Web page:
# Linear Regression and F#

Today I look into performing linear regression using F#. The implementations of interest will be the MathNet and Accord.NET libraries. I assume you already know what linear regression is, but in can you need a refresher: Linear Regression. My goal is to provide a simple explanation of how to leverage some existing F# accessible libraries. Once you know some of the basic calling functions, you can go crazy with some of the other options these libraries have to offer.

Using Paket, here is a sample paket.dependencies file.

First I need to create some data. For this example, the formula is y = x^2 + noise + occasional outlier. The method is create 3 arrays representing x, noise, and outliers. It is a bit convoluted, but it allows me to show off a couple bits of functionality from F# and MathNet. The MathNet library includes methods to generate datasets, for the noise dataset `Generate.Normal` creates an array of numbers with a normal distribution. It is worth checking out the other diverse generation capabilities available. For outliers, I define an arbitrary 30% chance of a big spike in the data, as defined by pct and range variables. Then I use `|||>` and `Array.zip3` to combine the 3 element tuple of arrays into an array of 3 element tuples. Once in this format, a map is used to calculate the formula mentioned at the start.

Sidenote: If you’ve coded any F#, you know `|>`. But did you know there are other, similar operators: `||>` passes a tuple as two arguments, `|||>` passes a 3-tuple as 3 arguments.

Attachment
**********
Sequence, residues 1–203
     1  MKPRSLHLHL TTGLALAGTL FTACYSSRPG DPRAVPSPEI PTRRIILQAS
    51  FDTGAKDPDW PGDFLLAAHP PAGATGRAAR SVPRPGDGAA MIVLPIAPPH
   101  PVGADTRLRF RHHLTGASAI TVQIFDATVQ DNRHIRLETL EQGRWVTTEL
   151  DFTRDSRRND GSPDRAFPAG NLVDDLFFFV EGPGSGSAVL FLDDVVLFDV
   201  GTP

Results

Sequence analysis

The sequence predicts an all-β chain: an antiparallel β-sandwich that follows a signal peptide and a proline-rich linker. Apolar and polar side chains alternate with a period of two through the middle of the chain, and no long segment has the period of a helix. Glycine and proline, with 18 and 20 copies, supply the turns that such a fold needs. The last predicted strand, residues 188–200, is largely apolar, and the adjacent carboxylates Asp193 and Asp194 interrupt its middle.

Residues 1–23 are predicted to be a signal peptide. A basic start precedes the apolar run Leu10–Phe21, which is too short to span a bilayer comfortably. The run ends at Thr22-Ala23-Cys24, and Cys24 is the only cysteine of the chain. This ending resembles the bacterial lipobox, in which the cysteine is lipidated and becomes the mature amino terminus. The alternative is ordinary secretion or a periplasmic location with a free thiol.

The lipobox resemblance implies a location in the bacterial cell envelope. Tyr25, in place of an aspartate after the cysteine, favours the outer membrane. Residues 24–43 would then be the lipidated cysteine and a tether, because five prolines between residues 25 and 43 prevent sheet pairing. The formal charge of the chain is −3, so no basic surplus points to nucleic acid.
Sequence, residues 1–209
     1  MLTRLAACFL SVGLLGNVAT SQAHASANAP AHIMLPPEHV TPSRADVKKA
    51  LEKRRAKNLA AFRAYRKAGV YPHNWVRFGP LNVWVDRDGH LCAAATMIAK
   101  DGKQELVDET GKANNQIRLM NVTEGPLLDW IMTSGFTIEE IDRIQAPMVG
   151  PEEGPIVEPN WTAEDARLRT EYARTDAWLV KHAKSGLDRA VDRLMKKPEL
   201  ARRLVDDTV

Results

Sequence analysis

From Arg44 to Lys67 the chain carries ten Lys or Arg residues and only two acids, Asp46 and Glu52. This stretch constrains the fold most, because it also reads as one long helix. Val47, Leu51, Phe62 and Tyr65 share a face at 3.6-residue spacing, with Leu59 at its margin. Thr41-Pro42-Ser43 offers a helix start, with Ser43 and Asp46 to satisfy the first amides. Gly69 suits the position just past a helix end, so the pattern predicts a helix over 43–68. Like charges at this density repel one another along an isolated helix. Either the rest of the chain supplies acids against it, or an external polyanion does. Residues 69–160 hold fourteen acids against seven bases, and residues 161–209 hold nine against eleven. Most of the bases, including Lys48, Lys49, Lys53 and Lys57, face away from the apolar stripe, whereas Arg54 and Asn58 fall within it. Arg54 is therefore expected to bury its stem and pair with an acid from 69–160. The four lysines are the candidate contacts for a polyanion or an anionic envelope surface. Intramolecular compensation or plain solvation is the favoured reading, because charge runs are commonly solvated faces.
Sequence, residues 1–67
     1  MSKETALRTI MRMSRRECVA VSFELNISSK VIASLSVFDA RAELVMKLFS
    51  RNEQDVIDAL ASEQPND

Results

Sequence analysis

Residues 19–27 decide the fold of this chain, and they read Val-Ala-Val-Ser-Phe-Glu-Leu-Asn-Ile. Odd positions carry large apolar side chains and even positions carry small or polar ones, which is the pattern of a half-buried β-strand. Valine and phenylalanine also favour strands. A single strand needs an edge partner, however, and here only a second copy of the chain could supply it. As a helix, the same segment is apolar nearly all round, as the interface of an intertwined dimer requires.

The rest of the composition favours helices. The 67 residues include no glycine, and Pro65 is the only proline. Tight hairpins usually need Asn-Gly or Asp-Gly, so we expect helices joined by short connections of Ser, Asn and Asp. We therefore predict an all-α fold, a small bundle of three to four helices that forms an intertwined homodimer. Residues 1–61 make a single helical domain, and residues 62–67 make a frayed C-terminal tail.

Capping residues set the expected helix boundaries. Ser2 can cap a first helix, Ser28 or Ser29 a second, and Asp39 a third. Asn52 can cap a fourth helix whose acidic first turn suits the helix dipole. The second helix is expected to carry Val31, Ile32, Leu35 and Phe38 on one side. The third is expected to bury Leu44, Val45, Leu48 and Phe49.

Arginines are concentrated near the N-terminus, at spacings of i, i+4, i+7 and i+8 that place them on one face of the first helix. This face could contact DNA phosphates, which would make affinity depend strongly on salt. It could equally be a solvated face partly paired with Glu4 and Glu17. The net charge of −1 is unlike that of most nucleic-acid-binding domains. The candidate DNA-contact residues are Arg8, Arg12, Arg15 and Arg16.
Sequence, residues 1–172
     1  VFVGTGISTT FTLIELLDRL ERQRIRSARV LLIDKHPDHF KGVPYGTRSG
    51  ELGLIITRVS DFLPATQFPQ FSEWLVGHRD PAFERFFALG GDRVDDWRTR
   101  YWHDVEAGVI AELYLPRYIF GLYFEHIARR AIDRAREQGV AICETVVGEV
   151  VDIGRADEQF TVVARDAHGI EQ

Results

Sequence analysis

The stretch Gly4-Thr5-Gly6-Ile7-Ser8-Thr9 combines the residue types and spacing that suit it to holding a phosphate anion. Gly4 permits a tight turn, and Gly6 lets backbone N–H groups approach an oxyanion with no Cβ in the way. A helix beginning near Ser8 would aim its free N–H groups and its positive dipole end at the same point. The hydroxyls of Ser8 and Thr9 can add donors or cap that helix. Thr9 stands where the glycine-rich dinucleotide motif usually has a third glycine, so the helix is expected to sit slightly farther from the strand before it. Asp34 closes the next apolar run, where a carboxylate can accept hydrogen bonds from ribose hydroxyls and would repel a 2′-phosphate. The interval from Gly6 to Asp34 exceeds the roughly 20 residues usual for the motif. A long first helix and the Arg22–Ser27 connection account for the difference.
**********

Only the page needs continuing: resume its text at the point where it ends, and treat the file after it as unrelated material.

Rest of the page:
### MathNet

Starting with the MathNet implementation, it is time for the regression fitting. The first option is `Fit.Line`, this takes the x and y data, fits a line and returns the associated intercept and slope that can be plugged into a y = mx + b formula. The second option is to use `Fit.LineFunc`. It also takes the x and y data to fit a line. The difference is it creates a delegate function that can be used to directly calculate.

Now it’s time to generate data based on the regression result. pData1 is calculated manually using the slope and intercept from the `Fit.Line` call. pData2 leverages the function delegate from `Fit.LineFunc`. I need to use `.Invoke` for performing the calculation.

The below code combines 3 charts; the original data, plus the regression lines. Some of the effect is lost, since the lines are ontop of each other, but you hopefully get the point. ### Accord.NET

Now it is time to look at the Accord.NET implementation. Here,`OrdinaryLeastSquares` + `Learn` are used to determine line fitting. The result is a SimpleLinearRegression object.

Now it’s time to generate data based on the regression result. pData3 is calculated manually using the slope and intercept. pData4 is calculated directly by leveraging Accord’s `Transform()` function.

Again, the below code combines 3 charts; the original data, plus the regression lines. As expected, these graphs are identical. So, there it is. A couple ways to do linear regression, but there is more. What good is the regression model if you can’t perform scoring against the result. Luckily, MathNet and Accord.NET have several methods of comparing datasets. There are too many options to show them all here, but here are a couple examples scoring predicted data (pData1) versus actual data (yData). For reference: MathNet Distances and Accord.NET Distances. I recommend digging deeper to find the scoring method appropriate for your specific needs.

MathNet:

Accord.NET:

I hope this has been helpful if you’re venturing into F# and regression.